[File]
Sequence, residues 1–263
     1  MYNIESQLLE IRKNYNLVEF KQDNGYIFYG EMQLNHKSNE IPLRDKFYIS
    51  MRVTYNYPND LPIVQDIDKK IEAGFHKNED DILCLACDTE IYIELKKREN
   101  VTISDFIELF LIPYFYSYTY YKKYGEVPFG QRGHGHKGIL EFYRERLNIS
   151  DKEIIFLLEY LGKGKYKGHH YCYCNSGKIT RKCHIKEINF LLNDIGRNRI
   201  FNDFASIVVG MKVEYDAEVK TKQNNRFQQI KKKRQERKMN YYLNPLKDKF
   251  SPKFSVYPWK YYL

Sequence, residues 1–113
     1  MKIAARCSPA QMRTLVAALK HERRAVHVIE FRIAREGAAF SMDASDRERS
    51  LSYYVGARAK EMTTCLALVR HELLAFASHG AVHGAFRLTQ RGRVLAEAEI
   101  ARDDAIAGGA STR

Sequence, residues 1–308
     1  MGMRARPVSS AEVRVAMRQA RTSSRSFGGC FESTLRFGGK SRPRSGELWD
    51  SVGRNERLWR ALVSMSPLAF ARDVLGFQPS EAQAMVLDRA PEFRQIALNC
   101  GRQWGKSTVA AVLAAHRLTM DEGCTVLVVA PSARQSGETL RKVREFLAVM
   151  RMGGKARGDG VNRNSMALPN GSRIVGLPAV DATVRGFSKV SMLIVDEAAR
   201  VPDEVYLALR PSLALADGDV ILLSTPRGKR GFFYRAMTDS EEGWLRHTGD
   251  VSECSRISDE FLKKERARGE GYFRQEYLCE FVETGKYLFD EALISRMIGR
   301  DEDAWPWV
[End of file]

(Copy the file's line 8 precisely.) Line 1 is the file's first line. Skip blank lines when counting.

Sequence, residues 1–113